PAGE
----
What in the world do Brexit, globalism and the gospel have to do with each other?
On the surface, they seem very distinct. However, if we dig a bit deeper in an attempt to understand their spiritual nature, we might discover their connections.
The United Kingdom approved a referendum with 51.9% approval on June 23, 2016, to leave the European Union.
Known as Brexit, a slim majority of British citizens voted for a populist ideology that argued immigrants were causing cultural and economic issues, hard borders were needed to keep the U.K. physically and economically safe, and isolationism would be a better political strategy than remaining within the European Union.
Over the past three years, a growing number of British citizens who voted to leave the EU have come to understand that withdrawing from community brings real and dire consequences.
Parliament is currently in shambles with politicians unable to agree on a Brexit plan.
Theresa May resigned as prime minister over her inability to secure a Brexit deal, and the new prime minister, Boris Johnson, continues to lose support from his party as he continues to hold out the possibility of a no-deal Brexit.
As they race toward an Oct. 31 exit deadline, the world watches as the sixth-largest economy fills with anxiety.
The inability of “Leave” voters to internally reflect upon their liabilities and externally blame others for their problems has left the nation isolated and facing the cruel reality of existing without community.
While shortcomings regarding globalization certainly exist, people of the world must eventually accept the essential benefits of existing and working within a global community.
Rigid isolationism creates cultural silos, perpetuating a self-ascribed prominence and fear of other cultures.
The embrace of globalization does not mean a rejection of cultural nuances but places those nuances within a larger community that generates broad diversity and expansive community.
“Globalization makes it impossible for modern societies to collapse in isolation,” Jared Diamond wrote in his book, “Collapse: How Societies Choose to Fall or Succeed.”
Why? When a group of people recognizes the significance of community, an interdependence emerges to promote strategic collaboration and mutual success.
The old New England adage rings true, “A rising tide lifts all boats.”
As a Jesus follower, I must draw upon his outlook on the world, measuring it against worldviews that might hinder his redemptive mission.
While Jesus used Palestine as his home base, I believe he was a globalist at heart.
If Jesus had been an isolationist, he would have concerned himself exclusively with the redemption of Israel. On the contrary, Jesus had a much broader vision for the gospel.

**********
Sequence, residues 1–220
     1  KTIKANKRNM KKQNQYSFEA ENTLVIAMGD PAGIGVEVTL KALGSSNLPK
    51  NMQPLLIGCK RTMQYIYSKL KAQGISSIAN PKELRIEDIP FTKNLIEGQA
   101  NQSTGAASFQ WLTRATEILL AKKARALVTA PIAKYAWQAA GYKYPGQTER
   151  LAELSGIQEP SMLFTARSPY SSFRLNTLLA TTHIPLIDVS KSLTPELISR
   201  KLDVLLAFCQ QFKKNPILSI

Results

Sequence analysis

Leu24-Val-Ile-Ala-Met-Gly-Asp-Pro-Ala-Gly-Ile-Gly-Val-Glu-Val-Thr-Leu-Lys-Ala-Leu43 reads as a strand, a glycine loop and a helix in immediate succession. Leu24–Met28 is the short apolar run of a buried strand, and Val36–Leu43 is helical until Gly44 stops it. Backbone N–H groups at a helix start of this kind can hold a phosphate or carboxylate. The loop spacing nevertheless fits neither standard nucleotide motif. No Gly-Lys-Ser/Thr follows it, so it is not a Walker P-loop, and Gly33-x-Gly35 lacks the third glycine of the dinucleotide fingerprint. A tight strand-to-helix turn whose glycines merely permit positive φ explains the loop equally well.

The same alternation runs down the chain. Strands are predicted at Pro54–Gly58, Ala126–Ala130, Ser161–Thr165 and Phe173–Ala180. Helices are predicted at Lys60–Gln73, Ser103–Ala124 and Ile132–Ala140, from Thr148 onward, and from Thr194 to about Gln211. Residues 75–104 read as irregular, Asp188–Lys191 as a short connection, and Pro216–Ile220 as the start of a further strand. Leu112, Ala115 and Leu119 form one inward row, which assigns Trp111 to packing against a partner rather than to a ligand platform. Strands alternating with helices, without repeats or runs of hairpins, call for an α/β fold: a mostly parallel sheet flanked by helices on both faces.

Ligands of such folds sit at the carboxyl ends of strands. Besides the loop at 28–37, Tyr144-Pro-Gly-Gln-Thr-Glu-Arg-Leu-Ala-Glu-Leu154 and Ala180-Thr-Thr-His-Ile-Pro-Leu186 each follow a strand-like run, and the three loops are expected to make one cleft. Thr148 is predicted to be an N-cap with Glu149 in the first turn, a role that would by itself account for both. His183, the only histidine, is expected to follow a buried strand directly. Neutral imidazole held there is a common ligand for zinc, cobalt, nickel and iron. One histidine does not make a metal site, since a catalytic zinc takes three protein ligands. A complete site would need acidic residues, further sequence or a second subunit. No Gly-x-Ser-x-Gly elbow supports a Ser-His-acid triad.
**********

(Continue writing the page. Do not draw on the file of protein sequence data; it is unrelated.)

In his vision for the disciples, Jesus emphasized his global dream to bring all humans into communion with God and each other.
“But you will receive power when the Holy Spirit has come upon you; and you will be my witnesses in Jerusalem, in all Judea and Samaria, and to the ends of the earth,” Jesus declared in Acts 1:8.
Jesus’ global vision centers on the notion that all humans are God’s children. In his interaction with the Samaritan woman in John 4, Jesus downplayed their differences and focused on their similarities.
“Woman, believe me, the hour is coming when you will worship the Father neither on this mountain nor in Jerusalem,” he said. “You worship what you do not know; we worship what we know, for salvation is from the Jews. But the hour is coming and is now here when the true worshippers will worship the Father in spirit and truth, for the Father seeks such as these to worship him. God is spirit, and those who worship him must worship in spirit and truth.”
This global understanding of God’s redemptive plan is highlighted in Jesus’ answer regarding the Greatest Commandments, “You shall love the Lord your God with all your heart, and with all your soul, and with all your strength, and with all your mind; and your neighbor as yourself” (Luke 10:27).
Jesus demonstrates his global vision in the parable that follows. Using a Samaritan as the hero of his story emphasized that God’s redemptive vision was much broader than the isolationists of his day. They were only worried about their salvation, while Jesus was worried about global salvation (Luke 10:29-37).
Finally, when Jesus declared God’s love for the world, we can trust that he meant the world as a whole, not just a select few (John 3:16-17).
Taking Jesus’ global gospel into account, we must let his broader vision and understanding of the world influence our worldview.
In other words, I cannot see Jesus supporting an isolationist agenda when he taught and practiced a love that knew no bounds.
With Brexit heating up and the deadline quickly approaching, I hope the world will help the United Kingdom and her citizens.
The mistake to give in to populists’ fears about the world can be redeemed and replaced by an opportunity for global community and cooperation.
While politicians continue to conjecture possible outcomes, the church can begin to heal these wounds and build bridges for the future.
As Shane Claiborne pointed out, “The church was an international institution long before globalization.” For God so truly loved the entire world, that God sent Jesus.